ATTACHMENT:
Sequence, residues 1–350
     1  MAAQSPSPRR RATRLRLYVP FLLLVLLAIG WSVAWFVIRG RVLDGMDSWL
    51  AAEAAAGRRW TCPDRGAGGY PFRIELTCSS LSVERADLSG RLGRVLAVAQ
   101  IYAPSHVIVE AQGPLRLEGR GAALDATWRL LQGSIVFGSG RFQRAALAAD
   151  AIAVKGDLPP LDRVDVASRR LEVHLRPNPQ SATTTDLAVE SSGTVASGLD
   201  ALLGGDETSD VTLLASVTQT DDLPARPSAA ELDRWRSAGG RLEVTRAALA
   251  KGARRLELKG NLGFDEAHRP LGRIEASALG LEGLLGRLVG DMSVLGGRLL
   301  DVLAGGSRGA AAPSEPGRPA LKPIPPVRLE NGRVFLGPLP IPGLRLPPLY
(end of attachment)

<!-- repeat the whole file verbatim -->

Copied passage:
Sequence, residues 1–350
     1  MAAQSPSPRR RATRLRLYVP FLLLVLLAIG WSVAWFVIRG RVLDGMDSWL
    51  AAEAAAGRRW TCPDRGAGGY PFRIELTCSS LSVERADLSG RLGRVLAVAQ
   101  IYAPSHVIVE AQGPLRLEGR GAALDATWRL LQGSIVFGSG RFQRAALAAD
   151  AIAVKGDLPP LDRVDVASRR LEVHLRPNPQ SATTTDLAVE SSGTVASGLD
   201  ALLGGDETSD VTLLASVTQT DDLPARPSAA ELDRWRSAGG RLEVTRAALA
   251  KGARRLELKG NLGFDEAHRP LGRIEASALG LEGLLGRLVG DMSVLGGRLL
   301  DVLAGGSRGA AAPSEPGRPA LKPIPPVRLE NGRVFLGPLP IPGLRLPPLY